4 Things to Know When Entering the Expert Economy
There has been a huge surge in entrepreneurship over the past two years. Past generations craved the stability a corporate environment provided, and those who went into business for themselves were often viewed as risk takers. Fast-forward to the past five years when we moved into the gig economy, and people kept those “secure” corporate jobs but also started side gigs. Now, those with the entrepreneurship spirit are leaving the corporate world behind and establishing their own businesses, which offer them the work-life balance they desire. While I won’t argue that starting a business isn’t for the faint of heart, advances in technology have significantly lowered the barrier for people looking to leverage their knowledge and expertise to go into business for themselves. The gig economy has evolved into the expert economy, as companies are searching for highly skilled and experienced workers to address the skills gap within their own workforce.
While professionals have faced numerous challenges since 2020, one bright spot was that they had the opportunity to redefine the 9 to 5 workday and what success looks like for themselves. Earlier this year, a Global Entrepreneurship Monitor report revealed that 52.6 percent of respondents believed that the COVID pandemic actually presented new opportunities for entrepreneurship. In fact, 5.4 million new businesses emerged in 2021, and 2022 is shaping up to have just as many, if not more. If you’re considering joining the expert economy, here are four things that will help you build a strong foundation for your business.
1. Know Your Segment Before You Start
Some of the most successful entrepreneurs started by creating their segment rather than trying to one-up the competition. Let’s face it, you can’t be all things to all people in business, which is why knowing who you’re targeting and what you have to offer before you begin positioning is so important. Look around and ask yourself, “What is missing?” Even better, talk to potential customers you’d want to target and ask them. What can you offer that others can’t or simply aren’t going to because they’re focused on other priorities? Identify those unmet needs and then position your business to address that customer segment.
2. Find the Right Tools to Deliver a Rich Customer Experience
Whether you’re a consultant, service provider, or coach, you need technology that will enable you to collect leads, quickly convert prospects, and drive repeat business. Consultative business models require one-to-many marketing coupled with a one-to-one sales process, and two key software tools to consider are customer relationship management (CRM) and sales and marketing automation. CRM can collect and organize contacts automatically through custom lead forms, landing pages, and social media. Sales and marketing automation allows you to deliver timely, personalized communications to move leads through the funnel quickly and close more deals. Together, these tools make you look professional and deliver the quality experience customers have come to expect.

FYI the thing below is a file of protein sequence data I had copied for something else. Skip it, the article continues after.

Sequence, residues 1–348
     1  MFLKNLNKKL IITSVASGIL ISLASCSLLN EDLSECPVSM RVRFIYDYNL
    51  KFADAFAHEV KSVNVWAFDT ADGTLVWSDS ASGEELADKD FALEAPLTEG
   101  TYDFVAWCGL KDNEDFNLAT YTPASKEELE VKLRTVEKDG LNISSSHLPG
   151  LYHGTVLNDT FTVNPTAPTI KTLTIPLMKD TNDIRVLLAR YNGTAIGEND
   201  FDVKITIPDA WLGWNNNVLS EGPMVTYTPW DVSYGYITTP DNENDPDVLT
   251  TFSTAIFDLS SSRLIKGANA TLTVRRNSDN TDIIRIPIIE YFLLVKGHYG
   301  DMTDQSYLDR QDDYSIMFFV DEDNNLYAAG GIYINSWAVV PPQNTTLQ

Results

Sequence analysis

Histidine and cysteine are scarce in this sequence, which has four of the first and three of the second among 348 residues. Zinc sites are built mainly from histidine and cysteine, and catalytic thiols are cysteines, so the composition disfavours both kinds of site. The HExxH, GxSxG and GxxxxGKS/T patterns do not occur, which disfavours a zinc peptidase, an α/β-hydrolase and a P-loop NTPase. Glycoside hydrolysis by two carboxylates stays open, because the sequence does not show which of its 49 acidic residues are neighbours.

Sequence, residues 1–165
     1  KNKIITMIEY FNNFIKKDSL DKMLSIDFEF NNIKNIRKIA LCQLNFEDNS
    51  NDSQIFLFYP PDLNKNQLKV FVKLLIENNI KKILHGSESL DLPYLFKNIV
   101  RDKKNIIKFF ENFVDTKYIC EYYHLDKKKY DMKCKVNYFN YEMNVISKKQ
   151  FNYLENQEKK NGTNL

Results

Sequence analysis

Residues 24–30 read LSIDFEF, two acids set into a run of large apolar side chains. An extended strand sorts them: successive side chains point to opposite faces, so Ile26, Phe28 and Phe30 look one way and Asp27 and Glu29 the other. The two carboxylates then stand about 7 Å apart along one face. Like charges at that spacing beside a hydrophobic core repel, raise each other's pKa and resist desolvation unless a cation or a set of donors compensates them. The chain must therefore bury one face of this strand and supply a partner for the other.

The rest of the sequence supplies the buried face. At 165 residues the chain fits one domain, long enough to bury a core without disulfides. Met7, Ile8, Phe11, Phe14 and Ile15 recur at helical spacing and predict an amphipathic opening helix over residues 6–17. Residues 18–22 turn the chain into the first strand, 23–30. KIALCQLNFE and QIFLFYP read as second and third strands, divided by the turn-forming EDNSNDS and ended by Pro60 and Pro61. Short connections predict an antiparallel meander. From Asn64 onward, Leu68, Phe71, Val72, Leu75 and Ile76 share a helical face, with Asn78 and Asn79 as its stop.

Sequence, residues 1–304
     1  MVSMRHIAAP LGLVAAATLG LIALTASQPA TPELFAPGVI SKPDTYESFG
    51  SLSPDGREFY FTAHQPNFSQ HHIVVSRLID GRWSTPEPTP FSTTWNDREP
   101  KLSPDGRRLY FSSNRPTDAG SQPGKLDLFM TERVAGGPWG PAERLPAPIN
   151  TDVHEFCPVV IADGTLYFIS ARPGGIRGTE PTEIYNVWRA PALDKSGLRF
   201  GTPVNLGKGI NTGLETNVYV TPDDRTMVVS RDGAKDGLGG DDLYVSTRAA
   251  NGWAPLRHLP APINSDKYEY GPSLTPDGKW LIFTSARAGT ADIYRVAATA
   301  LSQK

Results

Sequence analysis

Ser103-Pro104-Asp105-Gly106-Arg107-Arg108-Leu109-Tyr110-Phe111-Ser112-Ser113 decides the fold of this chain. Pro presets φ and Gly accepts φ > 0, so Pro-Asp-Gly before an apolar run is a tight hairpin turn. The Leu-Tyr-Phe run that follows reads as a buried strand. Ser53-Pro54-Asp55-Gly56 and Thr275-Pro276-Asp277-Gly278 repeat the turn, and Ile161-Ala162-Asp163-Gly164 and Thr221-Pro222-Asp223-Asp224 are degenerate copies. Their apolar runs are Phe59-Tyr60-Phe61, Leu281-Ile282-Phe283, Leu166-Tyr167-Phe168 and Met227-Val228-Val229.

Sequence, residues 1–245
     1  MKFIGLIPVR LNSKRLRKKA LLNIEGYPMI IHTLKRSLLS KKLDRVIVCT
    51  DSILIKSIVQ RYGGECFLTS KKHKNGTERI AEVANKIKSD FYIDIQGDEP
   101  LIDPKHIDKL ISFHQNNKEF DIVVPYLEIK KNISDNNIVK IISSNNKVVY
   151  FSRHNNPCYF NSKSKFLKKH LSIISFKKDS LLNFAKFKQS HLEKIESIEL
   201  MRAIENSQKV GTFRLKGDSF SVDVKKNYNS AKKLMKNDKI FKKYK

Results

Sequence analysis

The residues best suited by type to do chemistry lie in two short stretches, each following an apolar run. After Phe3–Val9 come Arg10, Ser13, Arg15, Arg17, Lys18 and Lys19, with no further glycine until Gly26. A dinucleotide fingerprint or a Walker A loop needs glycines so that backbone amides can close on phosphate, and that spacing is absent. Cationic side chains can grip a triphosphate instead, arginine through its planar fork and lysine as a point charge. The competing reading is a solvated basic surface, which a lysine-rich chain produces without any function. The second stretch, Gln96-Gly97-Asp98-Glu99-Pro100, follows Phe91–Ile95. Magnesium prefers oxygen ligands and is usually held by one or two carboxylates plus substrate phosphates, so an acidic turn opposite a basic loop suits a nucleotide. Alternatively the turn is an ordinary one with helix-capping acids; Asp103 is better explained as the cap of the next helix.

3. Don’t Be Afraid to Market Too Much
When you’re initially starting out in business, you may be inclined to look at advertising on social channels, securing booth space at a tradeshow, or sponsorship opportunities at a conference your target audience attends. While advertising has its place, I challenge new entrepreneurs to leverage their subject matter expertise to create podcasts, blogs, and other content for social channels to attract and gather leads. Also, commenting on others’ social media posts to provide additional context or insight into relevant topics can help you showcase your knowledge and engage new audiences.
4. Be Bold with Your Pricing
Accurate pricing can ensure your business will flourish, but all too often small-business owners set the price of their offerings too low. Common ways to avoid this are to price in line with what customers are already paying and to also know how your offering differs from competitors. Make sure you understand the full cost of providing a service or product and focus on high-margin business instead of volume. Pricing is one of the most difficult decisions new entrepreneurs must make, but customers will pay a premium for quality products and services, so don’t undervalue your expertise.
Taking the Plunge
Whether you’ve had a side hustle for a while and decided to double down, you’re fulfilling a lifelong dream of working for yourself, or you were displaced from your corporate job, the expert economy provides ample opportunity for you to pivot. I truly believe there hasn’t been a better time for workers looking to achieve balance in their professional and personal lives than to strike out on their own. If you’re ready to take a leap into entrepreneurship, make sure to know both your target buyer and what they are willing to pay for services—and price accordingly. In addition, make it a priority to invest in software solutions that automate time-consuming tasks like lead capture and follow-up so you can focus on other important aspects of your business and not have to worry that these important tasks are being taken care of. And above all, know you’re not alone in your endeavor, so look for resources to support you in your entrepreneurial journey.
Clate Mask is the founder and CEO of Keap (formally Infusionsoft), a maker of sales and marketing automation software for small businesses. He also is co-author of Conquer the Chaos: How to Grow a Successful Small Business Without Going Crazy.